Three Comedies from Paramount
The Blue Iguana (November 3/08)
An unusually irritating misfire, The Blue Iguana transpires within a surreal alternate universe populated almost exclusively by sleazy thugs, double-crossing vixens, and hopelessly over-the-top heroes. The aggressively off-kilter storyline follows bounty hunter Vince Holloway (Dylan McDermott) as he's blackmailed into stopping an illegal money transfer by a pair of eye-rollingly quirky tax agents (Tovah Feldshuh's Vera and Dean Stockwell's Carl), with the bulk of the film subsequently revolving around Vince's various misadventures within the seedy border town of Diablo. Filmmaker John Lafia's efforts at sending up the film noir genre fall uniformly flat, as the writer/director consistently places the emphasis on elements of a distinctly (and egregiously) silly nature. This is certainly reflected in the almost uniformly broad supporting performances; Lafia has, with very few exceptions (ie Pamela Gidley's unexpectedly compelling turn as a femme fatale type), extracted some seriously obnoxious portrayals from otherwise capable actors, with Feldshuh and Stockwell's nails-on-a-chalkboard work certainly standing head and shoulders above their less-than-enthralling colleagues. It would, of course, be a whole lot easier to accept the rampantly inept atmosphere if Lafia were able to elicit even a single laugh from the viewer, yet the filmmaker's incompetence extends even to the movie's so-called humorous interludes - as The Blue Iguana suffers from an influx of lame, woefully unfunny instances of comedy (ie a gun battle is punctuated with shooting-gallery sound effects). Lafia's dogged efforts at transforming the movie into a cult classic subsequently fall entirely flat, and it's ultimately difficult to envision a more unpleasant and flat-out annoying contemporary comedy.
Though hardly as awful as one might've expected, Drillbit Taylor suffers from an aggressively bland modus operandi that slowly-but-surely transforms it into the cinematic equivalent of background music (ie the movie passes the time in a completely non-threatening, entirely forgettable manner). The film follows a trio of put-upon high schoolers (Nate Hartley's Wade, Troy Gentile's Ryan, and David Dorfman's Emmitt) who decide to hire their own personal bodyguard after running afoul of two particularly nasty bullies (Alex Frost's Filkins and Josh Peck's Ronnie), though - unbeknownst to them - the man that they've chosen for the job (Owen Wilson's Drillbit Taylor) is actually a scheming hobo. Screenwriters Kristofer Brown and Seth Rogen have peppered Drillbit Taylor with a number of admittedly humorous asides and references - ie the inspired use of a music cue from Cape Fear - and yet the eye-rollingly familiar trajectory of the film's storyline does prove effective in negating its more overtly positive attributes. Having said that, Brown and Rogen deserve credit for ensuring that the inevitable discovery of Drillbit's true identity isn't handled quite as melodramatically as one might've anticipated - with the fake break-up that occurs between Drillbit and a fellow teacher (Leslie Mann's Lisa) handled especially well. This is hardly enough to forgive the oppressively innocuous atmosphere, however, and Drillbit Taylor ultimately lives up to its reputation as a rare misstep for producer Judd Apatow.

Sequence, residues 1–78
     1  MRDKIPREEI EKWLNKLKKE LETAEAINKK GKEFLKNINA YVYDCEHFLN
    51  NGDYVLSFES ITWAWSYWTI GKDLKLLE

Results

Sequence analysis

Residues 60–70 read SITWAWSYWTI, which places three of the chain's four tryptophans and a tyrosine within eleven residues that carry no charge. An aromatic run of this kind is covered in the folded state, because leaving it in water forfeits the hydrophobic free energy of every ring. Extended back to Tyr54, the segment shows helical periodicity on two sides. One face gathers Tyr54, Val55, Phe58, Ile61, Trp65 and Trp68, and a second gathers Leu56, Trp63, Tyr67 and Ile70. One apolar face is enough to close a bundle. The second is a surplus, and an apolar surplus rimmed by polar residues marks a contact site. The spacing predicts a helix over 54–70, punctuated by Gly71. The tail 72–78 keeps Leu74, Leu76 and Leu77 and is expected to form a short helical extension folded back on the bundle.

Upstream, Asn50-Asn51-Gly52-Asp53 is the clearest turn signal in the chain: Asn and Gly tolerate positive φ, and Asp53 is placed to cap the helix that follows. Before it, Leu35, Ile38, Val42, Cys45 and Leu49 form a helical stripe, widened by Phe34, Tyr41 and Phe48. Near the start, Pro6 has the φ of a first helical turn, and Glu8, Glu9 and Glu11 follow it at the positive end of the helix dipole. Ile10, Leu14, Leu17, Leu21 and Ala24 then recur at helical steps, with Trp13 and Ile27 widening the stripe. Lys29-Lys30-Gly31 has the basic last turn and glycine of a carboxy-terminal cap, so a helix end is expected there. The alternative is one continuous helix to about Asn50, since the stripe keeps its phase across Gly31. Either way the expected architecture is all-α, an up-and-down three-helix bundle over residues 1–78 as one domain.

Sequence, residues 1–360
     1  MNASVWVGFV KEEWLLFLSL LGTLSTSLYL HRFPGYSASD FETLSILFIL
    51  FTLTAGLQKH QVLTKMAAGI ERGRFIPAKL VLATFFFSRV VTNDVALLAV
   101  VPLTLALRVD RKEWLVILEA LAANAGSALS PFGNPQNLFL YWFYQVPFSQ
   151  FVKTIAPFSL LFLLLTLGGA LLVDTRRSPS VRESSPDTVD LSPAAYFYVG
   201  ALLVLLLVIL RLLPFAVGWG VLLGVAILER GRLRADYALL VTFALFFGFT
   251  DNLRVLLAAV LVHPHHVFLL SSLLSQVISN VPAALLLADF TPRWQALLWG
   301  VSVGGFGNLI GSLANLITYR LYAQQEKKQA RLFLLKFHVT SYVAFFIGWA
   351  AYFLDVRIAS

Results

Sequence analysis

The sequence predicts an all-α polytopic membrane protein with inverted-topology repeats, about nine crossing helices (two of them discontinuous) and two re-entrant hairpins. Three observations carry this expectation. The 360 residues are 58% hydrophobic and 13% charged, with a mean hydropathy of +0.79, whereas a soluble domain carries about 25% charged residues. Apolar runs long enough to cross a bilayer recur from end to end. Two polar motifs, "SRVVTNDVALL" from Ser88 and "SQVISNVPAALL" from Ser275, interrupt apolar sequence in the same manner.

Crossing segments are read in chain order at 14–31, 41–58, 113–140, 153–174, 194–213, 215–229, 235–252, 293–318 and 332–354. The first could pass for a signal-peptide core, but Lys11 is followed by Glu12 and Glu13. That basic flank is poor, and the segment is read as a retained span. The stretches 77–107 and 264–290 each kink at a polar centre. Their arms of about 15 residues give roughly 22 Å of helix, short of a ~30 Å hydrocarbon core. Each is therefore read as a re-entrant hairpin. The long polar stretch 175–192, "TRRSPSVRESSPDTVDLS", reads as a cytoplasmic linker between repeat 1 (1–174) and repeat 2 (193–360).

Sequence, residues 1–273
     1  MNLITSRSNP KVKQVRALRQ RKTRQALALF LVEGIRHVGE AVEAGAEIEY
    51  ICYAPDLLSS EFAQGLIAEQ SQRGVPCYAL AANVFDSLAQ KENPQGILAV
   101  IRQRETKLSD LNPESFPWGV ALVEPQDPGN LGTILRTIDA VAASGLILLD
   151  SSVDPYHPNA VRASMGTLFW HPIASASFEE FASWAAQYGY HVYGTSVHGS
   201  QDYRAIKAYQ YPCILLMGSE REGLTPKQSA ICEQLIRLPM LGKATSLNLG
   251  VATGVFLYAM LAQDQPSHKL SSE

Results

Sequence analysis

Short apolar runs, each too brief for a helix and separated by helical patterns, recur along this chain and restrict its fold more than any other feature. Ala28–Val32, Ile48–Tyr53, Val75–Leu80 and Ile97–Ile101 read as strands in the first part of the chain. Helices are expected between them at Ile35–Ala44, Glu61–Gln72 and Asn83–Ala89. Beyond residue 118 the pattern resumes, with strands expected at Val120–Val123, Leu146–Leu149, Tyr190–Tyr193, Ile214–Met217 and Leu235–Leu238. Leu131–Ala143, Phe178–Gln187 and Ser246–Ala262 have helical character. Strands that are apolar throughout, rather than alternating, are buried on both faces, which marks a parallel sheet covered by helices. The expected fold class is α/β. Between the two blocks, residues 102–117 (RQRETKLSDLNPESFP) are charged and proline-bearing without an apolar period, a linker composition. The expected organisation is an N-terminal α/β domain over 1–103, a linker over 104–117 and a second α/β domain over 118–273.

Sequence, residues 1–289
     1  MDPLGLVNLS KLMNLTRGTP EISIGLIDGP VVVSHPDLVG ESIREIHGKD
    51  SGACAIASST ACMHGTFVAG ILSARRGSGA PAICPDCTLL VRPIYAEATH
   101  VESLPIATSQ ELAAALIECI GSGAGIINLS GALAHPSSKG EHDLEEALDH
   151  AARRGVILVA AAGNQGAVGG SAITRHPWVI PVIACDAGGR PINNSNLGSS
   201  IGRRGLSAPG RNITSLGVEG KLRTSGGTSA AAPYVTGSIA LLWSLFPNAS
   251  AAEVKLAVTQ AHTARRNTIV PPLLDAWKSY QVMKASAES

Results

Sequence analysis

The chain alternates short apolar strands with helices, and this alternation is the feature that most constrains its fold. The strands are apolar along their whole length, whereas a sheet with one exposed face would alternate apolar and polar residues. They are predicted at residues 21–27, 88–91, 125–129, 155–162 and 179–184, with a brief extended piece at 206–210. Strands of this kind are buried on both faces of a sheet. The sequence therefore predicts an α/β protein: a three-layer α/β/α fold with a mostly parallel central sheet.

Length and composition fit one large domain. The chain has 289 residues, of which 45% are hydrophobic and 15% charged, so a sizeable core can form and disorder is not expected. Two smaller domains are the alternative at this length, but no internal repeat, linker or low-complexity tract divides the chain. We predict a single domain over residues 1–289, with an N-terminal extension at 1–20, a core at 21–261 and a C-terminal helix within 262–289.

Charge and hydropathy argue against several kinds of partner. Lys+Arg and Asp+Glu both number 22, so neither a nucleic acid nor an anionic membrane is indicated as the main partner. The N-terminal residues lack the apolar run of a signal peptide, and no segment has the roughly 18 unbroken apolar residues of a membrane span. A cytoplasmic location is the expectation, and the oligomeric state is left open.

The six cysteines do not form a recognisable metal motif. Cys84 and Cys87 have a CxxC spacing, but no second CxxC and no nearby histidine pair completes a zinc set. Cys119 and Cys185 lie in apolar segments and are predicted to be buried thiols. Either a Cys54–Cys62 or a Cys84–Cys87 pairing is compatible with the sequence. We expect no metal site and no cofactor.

The Love Guru
There exists the very real possibility that The Love Guru might just be the most puerile mainstream movie ever made, as the proceedings have been jam-packed with a whole host of exceedingly silly and downright vulgar jokes and gags (ie two characters battle it out with urine-soaked mops). The wafer-thin premise - which revolves around legendary self-help guru Pitka (Mike Myers) as he attempts to cure a famed hockey player's (Romany Malco's Darren Roanoke) disastrous dry spell - has been stretched virtually to its breaking point, with screenwriters Graham Gordy and Myers generally content to eschew plot in favor of loosely-strung together comedic vignettes. It does become clear that those attuned to Myers' off-the-wall sensibilities will find more to embrace here than others, although even the comedian's most ardent devotees will be hard-pressed to overlook the increasingly hit-and-miss nature of the film's structure. Myers' expectedly effective performance does go a long way towards keeping things tolerable, yet there's little doubt that his ferocious mugging does tend to leave his co-stars in the dust (Justin Timberlake's scene-stealing work as Roanoke's cocky rival Jacques Grande proves to be the sole exception to this). The end result is an effort whose overtly juvenile modus operandi will undoubtedly thrill and delight pre-pubescent boys, while leaving most other folks with little choice but to roll their eyes at Myers' relentlessly broad shenanigans.